A patient with a long and varied medical history presents for an extraction. Dr. Stacey Gividen discovers numerous lesions and gives her diagnosis. A 70-year-old male presents for an extraction of tooth no. 5 due to gingival-level fracture. The patient was seen two weeks prior for a limited exam to assess the break. At that time, he had received his first dose of the COVID-19 vaccination. At this dental visit, he’d had the second round of the vaccine. Medical history Over the course of the last year, the patient reported extreme stress, grinding, and subsequent breaking of teeth, of which no. 6 was extracted not nine months earlier. He received an interim partial denture/acrylic flipper to replace missing nos. 6 and 7. His blood pressure had been noted to increase over the last year, to which he had been turned away at one dental visit and advised to see his general practitioner to get his blood pressure lowered before treatment was rendered. Furthermore, this patient was recently diagnosed with type 2 diabetes. Chronic back and neck injuries, with prescriptions written for pain medications and muscle relaxants, have been his constant companion for numerous years. In addition to these issues, the patient had a history of drug abuse in the 1970s, the extent of which he claims is one of the reasons his overall health is poor. Clinical examination When we sat the patient back in the chair for delivery of local anesthetic, numerous large, irregular-bordered ulcerated lesions were noted throughout the mouth as well as the perioral area (figures 1–3). The lesions appeared crusted over and yellowish in color. Their size ranged from 5 mm to more than 15 mm. Upon inquiring, the patient stated that since his tooth broke, his tongue perpetually rubbed against the flipper, eventually causing those lesions, as well as others, throughout his mouth. He said the lesions appeared about one week prior. Given the location and duration of the lesions and the patient’s health history, it was clear that the partial was not the genesis for this pathology; stress and poor health were indeed the culprits. The diagnosis Canker sores. Fever blisters. Aphthous ulcers. Herpes type 1 (HSV-1). Yes, all of these as they are one in the same lesion. The cause Well, the ramifications of COVID-19 once again have reared their ugly head. Stress, grinding, increased blood pressure, nervous habits, poor diet, diagnosis of type 2 diabetes...put all of these into a melting pot of challenges that place strain on the body’s systems, and something has to give. In this particular scenario—due to the size and conglomerated nature of the lesions—the patient had herpetiform/aphthous major ulcers. Treatment and discussion Treatment for this patient was a prescription for acyclovir 400 mg, four to five times a day for a week. He was given instructions for care, which were primarily palliative, for the next seven to 10 days. A prescription for topical cream was denied. Here is an informative, research-based LINK that will give you a quick guide/reference/refresher on HSV-1. While the existence of canker sores has always been part of many of our patients’ lives, recent environmental stressors have played a role in an increased outbreak across the general population. This has created a need for us, as health-care providers, to up our game in prompt diagnosis, treatment, and encouragement of patient overall self-wellness. Refer link: https://www.dentistryiq.com/dentistry/pathology/article/14201524/oral-pathology-case-an-extreme-case-of-oral-herpes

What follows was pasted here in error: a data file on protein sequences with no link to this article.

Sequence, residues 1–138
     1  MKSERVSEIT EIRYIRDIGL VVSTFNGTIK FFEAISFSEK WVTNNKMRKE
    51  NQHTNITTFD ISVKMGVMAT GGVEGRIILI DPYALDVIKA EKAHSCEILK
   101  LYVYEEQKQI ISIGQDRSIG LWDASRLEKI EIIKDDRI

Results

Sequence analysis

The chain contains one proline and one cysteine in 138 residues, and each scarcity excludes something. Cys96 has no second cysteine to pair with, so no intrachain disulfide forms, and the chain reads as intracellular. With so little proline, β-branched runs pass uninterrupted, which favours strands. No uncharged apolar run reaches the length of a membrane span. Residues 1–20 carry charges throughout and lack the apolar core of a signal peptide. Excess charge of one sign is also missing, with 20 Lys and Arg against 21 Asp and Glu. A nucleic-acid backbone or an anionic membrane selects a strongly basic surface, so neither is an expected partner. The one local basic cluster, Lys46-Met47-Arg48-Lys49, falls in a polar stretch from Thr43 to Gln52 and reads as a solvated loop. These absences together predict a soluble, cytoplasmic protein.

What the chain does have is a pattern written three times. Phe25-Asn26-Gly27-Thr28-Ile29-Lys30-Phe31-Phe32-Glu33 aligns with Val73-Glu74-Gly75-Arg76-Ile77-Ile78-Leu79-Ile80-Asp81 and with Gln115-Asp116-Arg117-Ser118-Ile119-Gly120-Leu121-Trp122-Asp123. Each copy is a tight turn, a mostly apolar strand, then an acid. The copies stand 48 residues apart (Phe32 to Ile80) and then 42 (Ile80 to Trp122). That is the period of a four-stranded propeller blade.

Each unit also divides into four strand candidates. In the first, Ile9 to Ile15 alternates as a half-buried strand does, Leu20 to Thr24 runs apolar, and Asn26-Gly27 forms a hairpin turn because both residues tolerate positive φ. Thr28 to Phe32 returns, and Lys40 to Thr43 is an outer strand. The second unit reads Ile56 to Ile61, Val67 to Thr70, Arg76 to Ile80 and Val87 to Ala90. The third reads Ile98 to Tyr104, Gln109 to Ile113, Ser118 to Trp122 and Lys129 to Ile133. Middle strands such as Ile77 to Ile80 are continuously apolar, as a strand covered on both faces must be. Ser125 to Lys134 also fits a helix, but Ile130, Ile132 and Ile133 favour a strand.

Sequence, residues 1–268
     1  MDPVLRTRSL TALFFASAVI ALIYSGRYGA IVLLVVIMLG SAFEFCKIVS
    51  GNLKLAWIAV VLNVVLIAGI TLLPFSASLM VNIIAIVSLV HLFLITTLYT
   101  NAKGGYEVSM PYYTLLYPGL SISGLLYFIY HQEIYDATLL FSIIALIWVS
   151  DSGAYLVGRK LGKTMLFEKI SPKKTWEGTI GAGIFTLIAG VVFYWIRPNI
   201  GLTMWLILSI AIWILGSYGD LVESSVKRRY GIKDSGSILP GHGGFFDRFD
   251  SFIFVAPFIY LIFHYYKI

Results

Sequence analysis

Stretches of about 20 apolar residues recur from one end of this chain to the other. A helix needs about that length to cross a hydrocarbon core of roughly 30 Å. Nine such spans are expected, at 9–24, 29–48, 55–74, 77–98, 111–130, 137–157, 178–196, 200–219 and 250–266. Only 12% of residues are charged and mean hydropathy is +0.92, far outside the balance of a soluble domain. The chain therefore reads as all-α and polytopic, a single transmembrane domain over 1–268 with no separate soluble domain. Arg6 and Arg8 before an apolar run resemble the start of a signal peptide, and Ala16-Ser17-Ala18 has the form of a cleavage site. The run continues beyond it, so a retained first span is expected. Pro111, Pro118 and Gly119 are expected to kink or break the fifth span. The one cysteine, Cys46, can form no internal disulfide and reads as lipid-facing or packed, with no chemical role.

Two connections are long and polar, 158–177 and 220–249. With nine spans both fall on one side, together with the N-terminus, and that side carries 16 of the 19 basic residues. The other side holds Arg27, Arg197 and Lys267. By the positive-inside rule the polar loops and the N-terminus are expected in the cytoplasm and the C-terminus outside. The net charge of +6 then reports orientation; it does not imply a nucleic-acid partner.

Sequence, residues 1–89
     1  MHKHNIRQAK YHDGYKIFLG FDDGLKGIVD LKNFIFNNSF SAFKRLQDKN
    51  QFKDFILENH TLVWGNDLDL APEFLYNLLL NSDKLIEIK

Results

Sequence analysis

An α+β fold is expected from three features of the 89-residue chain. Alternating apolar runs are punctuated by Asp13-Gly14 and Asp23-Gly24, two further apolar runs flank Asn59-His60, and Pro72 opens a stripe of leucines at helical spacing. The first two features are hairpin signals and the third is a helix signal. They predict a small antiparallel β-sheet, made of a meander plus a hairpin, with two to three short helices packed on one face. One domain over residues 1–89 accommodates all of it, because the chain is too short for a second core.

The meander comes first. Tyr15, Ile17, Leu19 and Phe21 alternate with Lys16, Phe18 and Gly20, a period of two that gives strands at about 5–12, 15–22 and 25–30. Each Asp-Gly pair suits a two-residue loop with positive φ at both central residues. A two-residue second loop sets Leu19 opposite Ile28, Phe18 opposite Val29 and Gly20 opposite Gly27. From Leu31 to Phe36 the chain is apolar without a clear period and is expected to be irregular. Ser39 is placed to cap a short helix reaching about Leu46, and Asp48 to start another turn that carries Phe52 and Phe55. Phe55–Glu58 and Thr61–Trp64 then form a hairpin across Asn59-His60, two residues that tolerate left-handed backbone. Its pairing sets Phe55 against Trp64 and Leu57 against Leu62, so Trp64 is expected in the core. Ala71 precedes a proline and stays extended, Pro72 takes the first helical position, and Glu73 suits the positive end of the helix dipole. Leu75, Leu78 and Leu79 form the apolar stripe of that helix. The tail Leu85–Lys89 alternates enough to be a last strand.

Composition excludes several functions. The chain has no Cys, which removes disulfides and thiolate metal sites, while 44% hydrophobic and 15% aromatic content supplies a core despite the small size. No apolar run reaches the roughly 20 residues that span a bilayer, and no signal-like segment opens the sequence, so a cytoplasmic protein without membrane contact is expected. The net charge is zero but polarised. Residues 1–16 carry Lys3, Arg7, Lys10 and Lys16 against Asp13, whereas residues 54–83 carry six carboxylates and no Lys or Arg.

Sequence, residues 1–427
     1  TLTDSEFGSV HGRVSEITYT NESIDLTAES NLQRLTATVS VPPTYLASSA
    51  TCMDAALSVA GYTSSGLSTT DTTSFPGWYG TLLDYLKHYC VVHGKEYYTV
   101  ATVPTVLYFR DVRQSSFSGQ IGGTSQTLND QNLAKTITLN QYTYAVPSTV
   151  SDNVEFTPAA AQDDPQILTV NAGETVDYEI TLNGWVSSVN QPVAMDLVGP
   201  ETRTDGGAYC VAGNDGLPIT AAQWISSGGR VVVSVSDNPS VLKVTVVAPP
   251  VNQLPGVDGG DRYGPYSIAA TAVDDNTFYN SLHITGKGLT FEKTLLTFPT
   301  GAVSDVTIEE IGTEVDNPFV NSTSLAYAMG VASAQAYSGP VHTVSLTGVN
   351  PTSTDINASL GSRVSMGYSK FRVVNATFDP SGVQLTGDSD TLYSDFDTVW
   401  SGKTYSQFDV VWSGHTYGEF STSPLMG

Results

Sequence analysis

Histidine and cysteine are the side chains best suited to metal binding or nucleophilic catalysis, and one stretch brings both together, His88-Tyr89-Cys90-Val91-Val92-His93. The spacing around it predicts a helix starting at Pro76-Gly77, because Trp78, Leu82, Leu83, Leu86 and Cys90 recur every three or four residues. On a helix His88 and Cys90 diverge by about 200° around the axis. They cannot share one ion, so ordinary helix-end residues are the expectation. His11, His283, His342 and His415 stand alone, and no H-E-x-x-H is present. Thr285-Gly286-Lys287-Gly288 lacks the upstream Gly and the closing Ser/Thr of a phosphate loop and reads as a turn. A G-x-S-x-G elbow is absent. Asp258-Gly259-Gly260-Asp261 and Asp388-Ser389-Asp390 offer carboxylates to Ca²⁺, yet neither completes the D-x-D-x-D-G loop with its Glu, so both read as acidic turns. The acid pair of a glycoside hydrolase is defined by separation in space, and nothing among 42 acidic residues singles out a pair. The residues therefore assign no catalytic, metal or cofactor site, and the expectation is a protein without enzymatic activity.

Oral Medicine and Radiology • Oral Mucosal Lesions + 1 more